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Authors: Celia Fremlin

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BOOK: Prisoner's Base
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there are few sights more terrifying than that of a well-dressed man with a notebook looking at a piece of land.

As Margaret stood watching him from the upstairs landing window, she kept telling herself that it was of no significance; that she was just a suspicious old woman to be giving it a thought. Why shouldn’t he just be a passer-by, happening to pause at the gate to enjoy the sight of a field of buttercups under the morning sun? Admittedly, he didn’t look the sort of man who would enjoy anything, least of all a field of buttercups; but there, you shouldn’t really judge a man by his looks; who knows how many a joyous soul may lurk gleefully behind a lined and miserable face?

But what about that dark, neat suit—a suit of ill-omen, if ever there was one? Why, poor fellow, perhaps he had just escaped from his office for an hour; and the notebook?—why, it might be
—a diary … a record of the wild flowers of the neighbourhood … and all the while Margaret’s heart was thumping, deep down inside her, the dark, unmistakable rhythm of disaster.

The field was going to be built on. The man had not yet so much as lifted the latch of the gate; he had not yet taken his horrible measuring implements from about his person, but Margaret felt already that the field was doomed. Doomed now, in the glory of the year, with the buttercups just out and the blossom still pink on the two gnarled old apple trees; now, when in their domain of sun and straw Margaret’s Rhode Island Reds were enjoying their first dust-baths of the year; when Claribel had gone properly broody at last and was settling down beautifully on her clutch of eggs after all the trouble and the worry…. It was now …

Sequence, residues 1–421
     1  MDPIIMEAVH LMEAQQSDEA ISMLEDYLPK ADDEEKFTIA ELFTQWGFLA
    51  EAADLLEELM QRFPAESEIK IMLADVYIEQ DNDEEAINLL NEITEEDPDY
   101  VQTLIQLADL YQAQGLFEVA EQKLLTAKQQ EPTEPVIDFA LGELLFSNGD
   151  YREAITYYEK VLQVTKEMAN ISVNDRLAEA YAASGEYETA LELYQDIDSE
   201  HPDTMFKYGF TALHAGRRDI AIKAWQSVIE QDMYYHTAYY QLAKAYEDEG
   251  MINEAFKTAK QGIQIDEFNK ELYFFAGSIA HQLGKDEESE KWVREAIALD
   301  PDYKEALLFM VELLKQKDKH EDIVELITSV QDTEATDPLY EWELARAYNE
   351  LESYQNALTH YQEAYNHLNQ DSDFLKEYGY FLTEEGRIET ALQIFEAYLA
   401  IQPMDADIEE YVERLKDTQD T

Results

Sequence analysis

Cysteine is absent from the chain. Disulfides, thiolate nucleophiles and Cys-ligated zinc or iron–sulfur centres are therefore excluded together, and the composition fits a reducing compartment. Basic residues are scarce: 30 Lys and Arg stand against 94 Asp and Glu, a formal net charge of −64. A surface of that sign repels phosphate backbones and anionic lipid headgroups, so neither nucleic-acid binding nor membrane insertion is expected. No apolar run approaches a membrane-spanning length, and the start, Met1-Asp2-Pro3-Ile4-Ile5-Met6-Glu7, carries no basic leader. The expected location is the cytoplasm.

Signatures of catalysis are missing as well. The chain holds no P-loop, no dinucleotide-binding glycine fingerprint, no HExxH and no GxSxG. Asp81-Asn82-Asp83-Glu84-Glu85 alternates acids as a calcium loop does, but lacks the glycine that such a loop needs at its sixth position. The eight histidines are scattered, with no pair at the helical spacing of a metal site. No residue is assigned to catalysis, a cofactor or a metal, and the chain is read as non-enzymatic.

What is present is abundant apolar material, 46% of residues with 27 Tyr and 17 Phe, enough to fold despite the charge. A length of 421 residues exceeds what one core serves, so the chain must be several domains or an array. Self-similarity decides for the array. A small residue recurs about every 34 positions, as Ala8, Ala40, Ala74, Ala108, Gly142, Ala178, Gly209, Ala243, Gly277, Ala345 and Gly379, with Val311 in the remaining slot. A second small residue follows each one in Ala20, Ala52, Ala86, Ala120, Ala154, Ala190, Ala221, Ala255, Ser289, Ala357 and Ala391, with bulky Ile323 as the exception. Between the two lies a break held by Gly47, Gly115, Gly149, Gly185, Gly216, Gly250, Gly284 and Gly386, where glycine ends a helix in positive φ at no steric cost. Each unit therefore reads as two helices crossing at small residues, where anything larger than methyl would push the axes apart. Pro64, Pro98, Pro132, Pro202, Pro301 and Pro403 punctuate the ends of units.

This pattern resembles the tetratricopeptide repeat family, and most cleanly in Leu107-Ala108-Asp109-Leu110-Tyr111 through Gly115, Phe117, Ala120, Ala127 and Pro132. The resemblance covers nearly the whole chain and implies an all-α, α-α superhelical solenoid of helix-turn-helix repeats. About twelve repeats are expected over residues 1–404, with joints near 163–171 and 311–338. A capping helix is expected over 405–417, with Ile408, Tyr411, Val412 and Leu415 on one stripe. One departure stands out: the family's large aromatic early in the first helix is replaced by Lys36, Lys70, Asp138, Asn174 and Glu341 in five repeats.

in the time sacred to the sunshine and to new life, that this black, starched, polished monster had chosen to come and look at her field with his small, cement-mixer eyes….

field! Yes, of course it was hers really … they couldn’t
do a thing without consulting her, of course they couldn’t …! In one swift movement, quick as a girl in spite of her sixty-odd years, Margaret drew in from the window and whirled herself across the landing to lean over the banisters.